Wednesday, November 21, 2018

2:16 AM

Contending With Established Enterprises

As a burgeoning startup, you’ve got a steep uphill climb. Thankfully, you can operate at a loss for the first five years and the IRS will give you a pass; utilize that, you’re likely going to go in and out of debt like a cat deciding whether it wants to go outside. You’ll need every financial advantage you can get.

Success Tips for Young Tech Startups and Businesses

Thankfully, today’s operational environment makes it easier to deal with larger competitors than ever, owing in large part to solutions like cloud computing and associated app development. So though you’ve got an uphill climb, it’s possible to build a strong business engine to get you over the hump. Following are five tips to help you get that engine running smoothly and reliably.

1. Eliminate All Unnecessary Expenses

Your business has got to be lean and mean starting out. You need to pinch every penny until it cries out and divides into another penny. Oftentimes a startup tech company will consist of a handful of individuals who are young and lacking in resources. For the first couple months or years, there may be no profit as service models and innovations are developed.

You need to design cost-projections based on goals, then budget higher than those projections to give yourself a financial “cushion”. From there you need to keep numbers as closely as possible to figure out where your actual expenses are, and augment where possible going forward.

Your time is additionally valuable and must be maximized. One thing that’s crucial is not spreading yourself too thin. Focus on your primary tech service provision, and don’t expand from there until you’re turning a reliable enough profit to absorb loss without impacting your stability.

2. Design A Unique Value Proposition

A car shop providing oil change services quickly can see a steady chain of clientele throughout operating hours, outpacing a full garage across the street who also offers oil changes. The lube shop specializing in one service can afford to offer it more cheaply because it experiences a higher volume of clientele. Meanwhile, the shop must charge more as it doesn’t make as much money on oil changes, but still must expend resources that direction.

As a tech company, you may be able to “itemize”, as it were; to “focus” on one particular area of tech service delivery. Doing this may allow you to offer that service cheaper than larger competitors, as they must simultaneously provide an expanded suite of services. Think of it like In N’ Out Burger in California, Nevada, and the other three states they’ve expanded to.

In N’ Out focuses on a specific kind of food delivery, and has stayed on that track for decades. Now they’ve expanded to four additional states—but they’re still no competition against McDonald’s, realistically. What allows them to compete is their specific provision of a specific food item.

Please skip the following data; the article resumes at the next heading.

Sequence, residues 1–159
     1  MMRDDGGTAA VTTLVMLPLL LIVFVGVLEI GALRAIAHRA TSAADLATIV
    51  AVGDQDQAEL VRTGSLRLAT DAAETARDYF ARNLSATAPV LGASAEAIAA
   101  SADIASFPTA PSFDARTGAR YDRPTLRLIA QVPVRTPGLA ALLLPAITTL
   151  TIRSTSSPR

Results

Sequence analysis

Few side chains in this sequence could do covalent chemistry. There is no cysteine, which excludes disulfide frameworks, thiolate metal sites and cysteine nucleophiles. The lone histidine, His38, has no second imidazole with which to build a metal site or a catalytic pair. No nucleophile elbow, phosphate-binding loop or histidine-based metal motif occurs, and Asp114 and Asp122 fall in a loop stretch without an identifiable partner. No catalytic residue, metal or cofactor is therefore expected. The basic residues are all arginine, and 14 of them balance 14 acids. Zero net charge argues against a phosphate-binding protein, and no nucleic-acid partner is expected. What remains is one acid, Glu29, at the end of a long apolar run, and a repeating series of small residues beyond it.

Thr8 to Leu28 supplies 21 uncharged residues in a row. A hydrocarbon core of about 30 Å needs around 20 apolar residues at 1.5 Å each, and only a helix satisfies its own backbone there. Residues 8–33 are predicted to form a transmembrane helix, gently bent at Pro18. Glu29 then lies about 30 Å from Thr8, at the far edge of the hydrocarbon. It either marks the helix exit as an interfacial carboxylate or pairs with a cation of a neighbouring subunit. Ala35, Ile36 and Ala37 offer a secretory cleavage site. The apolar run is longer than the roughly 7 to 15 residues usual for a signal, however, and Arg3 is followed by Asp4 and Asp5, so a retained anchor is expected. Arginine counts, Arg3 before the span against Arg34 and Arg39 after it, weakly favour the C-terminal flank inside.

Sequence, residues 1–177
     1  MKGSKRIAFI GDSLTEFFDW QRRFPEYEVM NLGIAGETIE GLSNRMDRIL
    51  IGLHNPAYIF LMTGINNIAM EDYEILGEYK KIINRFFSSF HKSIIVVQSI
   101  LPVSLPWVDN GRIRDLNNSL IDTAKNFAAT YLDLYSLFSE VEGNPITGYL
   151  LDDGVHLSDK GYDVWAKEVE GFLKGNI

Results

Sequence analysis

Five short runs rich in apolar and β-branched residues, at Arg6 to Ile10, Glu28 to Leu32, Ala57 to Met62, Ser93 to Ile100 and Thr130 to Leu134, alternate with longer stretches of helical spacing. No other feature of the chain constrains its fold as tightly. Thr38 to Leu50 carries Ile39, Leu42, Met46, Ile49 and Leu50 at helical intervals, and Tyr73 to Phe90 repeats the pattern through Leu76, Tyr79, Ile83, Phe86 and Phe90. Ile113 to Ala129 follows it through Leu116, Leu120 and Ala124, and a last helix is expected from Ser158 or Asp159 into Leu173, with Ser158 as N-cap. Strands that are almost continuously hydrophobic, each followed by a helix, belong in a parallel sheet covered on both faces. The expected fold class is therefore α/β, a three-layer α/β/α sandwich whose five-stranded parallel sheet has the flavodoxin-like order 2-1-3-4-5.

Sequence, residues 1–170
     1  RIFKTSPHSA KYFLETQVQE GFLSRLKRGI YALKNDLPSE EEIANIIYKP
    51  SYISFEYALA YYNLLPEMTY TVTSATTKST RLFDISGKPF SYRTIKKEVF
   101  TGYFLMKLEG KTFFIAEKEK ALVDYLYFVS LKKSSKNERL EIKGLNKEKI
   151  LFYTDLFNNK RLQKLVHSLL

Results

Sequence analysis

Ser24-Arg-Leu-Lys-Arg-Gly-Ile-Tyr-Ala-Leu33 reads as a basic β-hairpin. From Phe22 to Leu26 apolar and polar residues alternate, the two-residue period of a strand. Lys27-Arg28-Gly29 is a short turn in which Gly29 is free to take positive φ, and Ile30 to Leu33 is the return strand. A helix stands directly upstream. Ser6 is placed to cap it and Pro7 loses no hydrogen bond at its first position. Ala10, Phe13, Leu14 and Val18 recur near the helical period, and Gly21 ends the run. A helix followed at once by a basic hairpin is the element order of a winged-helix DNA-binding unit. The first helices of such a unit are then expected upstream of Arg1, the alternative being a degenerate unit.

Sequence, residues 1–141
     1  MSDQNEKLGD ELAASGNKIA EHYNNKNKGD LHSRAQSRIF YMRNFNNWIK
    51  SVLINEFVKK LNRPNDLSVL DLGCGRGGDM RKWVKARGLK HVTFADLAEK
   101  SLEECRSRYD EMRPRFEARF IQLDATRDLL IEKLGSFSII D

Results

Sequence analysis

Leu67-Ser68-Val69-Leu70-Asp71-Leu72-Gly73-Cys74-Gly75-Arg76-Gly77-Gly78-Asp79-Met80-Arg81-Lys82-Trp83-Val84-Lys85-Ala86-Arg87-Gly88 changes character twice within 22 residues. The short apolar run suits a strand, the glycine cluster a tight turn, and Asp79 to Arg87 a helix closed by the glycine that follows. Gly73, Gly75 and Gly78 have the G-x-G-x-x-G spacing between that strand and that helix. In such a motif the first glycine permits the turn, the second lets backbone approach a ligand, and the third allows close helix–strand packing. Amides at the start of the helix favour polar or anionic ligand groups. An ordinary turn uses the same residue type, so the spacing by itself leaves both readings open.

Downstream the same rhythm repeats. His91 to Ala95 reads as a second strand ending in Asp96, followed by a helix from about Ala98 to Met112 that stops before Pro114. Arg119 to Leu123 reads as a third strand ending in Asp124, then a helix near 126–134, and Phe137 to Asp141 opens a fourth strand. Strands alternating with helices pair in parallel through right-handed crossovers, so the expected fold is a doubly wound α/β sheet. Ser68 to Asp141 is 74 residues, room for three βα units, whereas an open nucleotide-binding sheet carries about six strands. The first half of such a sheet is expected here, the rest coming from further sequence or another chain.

So does your tech business provide website services? App design services? Are you a consulting firm? Figure out your strength, focus on it, trim all the fat around that strength, and build it up until you’ve reached a point where expansion is affordable.

3. Facilitate App Reliability Through Monitoring Solutions

In all likelihood you’ll need infrastructural support of one kind or another from an application that’s hosted through the cloud, or even internally; depending on your startup’s concentration. There are many design apps on the cloud which can be used internally to develop products, or externally as fits your business model.

Whatever you choose here, you’ve got to monitor that application to ensure it’s humming right along as intended. Applications grow and change as you use them, and if you don’t monitor them, they’ll accrue errors which hamper operations. You’ve got to monitor performance.

Here’s a link for how to monitor IIS performance: basics to advanced. This guide will help you ensure the application is running, monitor Windows performance, and use ASP.NET for advanced IIS performance monitoring solutions.

4. Initial Hiring Should Be Management-Oriented

Steve Jobs and Steve Wozniak were at the top of Apple, initially. Wozniak was in the engineering seat, Jobs in the marketing chair. These two went on to maintain position at the head of a globally lucrative company, even as their varying “seats” changed. When you’re working with people at the beginning, if your startup takes off, they’re going to be in upper management eventually.

Some of your initial hires in the first year or two of operations will yield the most long-term employees throughout your company. So give them a career path which will keep them around, and know the long-term game-plan. The first dozen people of a company, if they stay with it, will be partners in its ownership down the line. If you’ve got this reality in mind, you’ll be more likely to hire the right people initially.

5. Keep An Eye On Peers And Competitors To Learn

Competitors act as a market bell-weather, so do peers. You need to learn from their mistakes and successes, and keep a close eye on them to determine where you need to augment operations or retain existing forward directives. Competitors can help you avoid making errors, peers can help you forge partnerships that look good in terms of PR, capitalizing from the latest trends, and help establish you in your community.

A Successful Startup

You’re going to make mistakes, and you’re going to have victories. Provided you cut the fat, operate from a unique value proposition, reliably monitor and maintain software like apps, hire for the long term initially, and watch peers as well as competitors, you’ll be ideally suited for success going forward.